How to Ease into Exercise With Multiple Myeloma
If you've been diagnosed with multiple myeloma you may wonder, "How can I take the very best care of myself now?" Maybe you've never loved exercise, but you know of its benefits. Exercise helps control weight, blood sugar and insulin levels, reduces heart disease risk, and improves mood, libido, and sleep. It reduces the risk of cancers in general and, best of all, strengthens bones and muscles. Maybe you should take another look at this exercise thing, after all.
Find a program that's feasible and safe
You want to maintain flexibility and cardiovascular health during treatment. Great! A 2013 study in BMC Cancer found that a prescribed exercise program for multiple myeloma patients is feasible, acceptable, and safe. It requires suitable screening measures and appropriate input from physical therapists. Here's a "how-to" from Kathryn H. Schmitz, Ph.D., M.P.H., professor of epidemiology at the Penn State College of Medicine and president-elect of the American College of Sports Medicine (ACSM).
Mind your mass
"Undergoing multiple myeloma treatments generally means you're going to lose lean muscle mass," Dr. Schmitz told HealthCentral. "Take advantage of that period after diagnosis and before treatment, a kind of 'sweet spot,' to get fitter. With multiple myeloma, unlike other cancers, no one is going to say, 'We need to do surgery right now.' You may have to wait for the right donor or the right blood cell count, for example, before you can start a stem cell transplant."
Have more than you need
These "down" periods may occur again, as multiple myeloma is a repeat offender. "It's not a disease you get treated for and then you're done," Dr. Schmitz says. "Use this time to build that lean mass and develop more metabolically active muscle mass. That gives you a real advantage right from the start because there is little doubt your muscle mass will decline during treatment." Strive to be in the best shape of your life for the fight of your life.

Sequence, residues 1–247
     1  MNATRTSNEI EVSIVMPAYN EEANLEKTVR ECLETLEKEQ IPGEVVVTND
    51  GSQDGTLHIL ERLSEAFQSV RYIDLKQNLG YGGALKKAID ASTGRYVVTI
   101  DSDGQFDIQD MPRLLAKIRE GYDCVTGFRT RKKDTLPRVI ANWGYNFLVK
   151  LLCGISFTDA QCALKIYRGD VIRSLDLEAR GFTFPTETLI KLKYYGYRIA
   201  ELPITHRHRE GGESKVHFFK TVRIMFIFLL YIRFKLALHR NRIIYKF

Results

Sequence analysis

Learn about lesions
Before an "all clear," your doctor will assess osteolytic lesions, or holes on your bone x-rays. They may hurt, weaken bone, and increase fracture risk. According to the Multiple Myeloma Research Foundation (MMRF), 85 percent of patients have bone loss. "Some lesions can be a risk for exercise, some not," Dr. Schmitz says. "Having people stop moving is harmful, but be careful not to exercise parts of the body at risk for bone breaks."
Let's talk about this
Your doctor says "no exercise"? Persevere, because you've made a smart, life-enhancing decision — and this is a fairly new trend. "In the 50s, cardiac rehab was highly controversial," Dr. Schmitz says. "Many thought patients simply couldn't safely manage exercise. It's taken decades to understand it lowers risk of a future cardiac event. If your multiple myeloma physician says 'no,' consider asking for the evidence that exercise would be harmful. In all likelihood, they can't produce it."
You're in charge here
The waiting game can be frustrating: waiting for blood draws, chemotherapy, or a transplant. But you control your exercise program and its intensity, Dr. Schmitz says. "Don't drive 60 miles an hour in a 5 mile an hour zone. Calibrate your program, starting slowly with something you enjoy. Get help initially from a certified trainer who specializes in cancer, certified by ACSM, or from a physical therapist with specialty training in oncology."
Do it yourself
You don't have to join a gym. But getting those first few lessons on how to proceed can save you time and ensure you're doing things right. You can buy dumbbells, an exercise band, and do body-weight exercises at home such as push-ups, planks, or squats. Add jumping jacks, lunges, marching in place, or dancing to your favorite jam. You can start by walking — in appropriately supportive shoes — around the block, and gradually add more distance. You've got this!
Mix it up
Everyone should aim for a nice mix of cardio or aerobic, strength or endurance, and stretching or flexibility. Older adults can find wonderful resources at the National Institute on Aging. "With multiple myeloma, strength is far more important than cardio," says Dr. Schmitz. "Yoga is great, with flexibility benefits exceeded by its psychosocial aspects. It enhances body awareness, reduces stress, muscle tension, and even inflammation. It helps you focus and relaxes the entire nervous system."
There's evidence that yoga aids cancer patients' sleep, says Dr. Schmitz. "Sleep can be disturbed when undergoing cancer treatment." Fatigue, often called a "bone-weary" exhaustion, plagues patients during systemic cancer treatment. She likes a 2017 study in the Journal of Clinical Oncology that suggests exercise for cancer patients protects against chemotherapy-induced muscle damage and helps with cancer-related fatigue. "Walking is the best exercise to combat fatigue," Dr. Schmitz says.
Exercise: Your life-long friend
A couch-potato lifestyle isn't going to help you live your best life with multiple myeloma. If you've always thought, "I should exercise...," then you didn't and felt bad, now's the perfect time to fulfill that promise to yourself. A stronger, fitter you means a stronger person to handle side effects of treatment. Because those may sometimes be discouraging, doing something for yourself that once seemed unachievable may give your self-esteem just the psychological boost it — and you — need.